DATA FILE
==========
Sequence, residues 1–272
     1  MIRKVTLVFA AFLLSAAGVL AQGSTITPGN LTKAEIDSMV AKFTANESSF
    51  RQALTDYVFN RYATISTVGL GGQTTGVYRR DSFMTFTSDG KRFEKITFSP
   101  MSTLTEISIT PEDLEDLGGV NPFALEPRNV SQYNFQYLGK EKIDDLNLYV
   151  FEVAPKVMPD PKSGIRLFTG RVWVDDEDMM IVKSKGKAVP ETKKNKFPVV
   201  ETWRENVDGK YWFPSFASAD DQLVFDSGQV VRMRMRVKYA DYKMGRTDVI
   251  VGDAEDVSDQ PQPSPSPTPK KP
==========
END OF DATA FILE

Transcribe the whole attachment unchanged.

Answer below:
Sequence, residues 1–272
     1  MIRKVTLVFA AFLLSAAGVL AQGSTITPGN LTKAEIDSMV AKFTANESSF
    51  RQALTDYVFN RYATISTVGL GGQTTGVYRR DSFMTFTSDG KRFEKITFSP
   101  MSTLTEISIT PEDLEDLGGV NPFALEPRNV SQYNFQYLGK EKIDDLNLYV
   151  FEVAPKVMPD PKSGIRLFTG RVWVDDEDMM IVKSKGKAVP ETKKNKFPVV
   201  ETWRENVDGK YWFPSFASAD DQLVFDSGQV VRMRMRVKYA DYKMGRTDVI
   251  VGDAEDVSDQ PQPSPSPTPK KP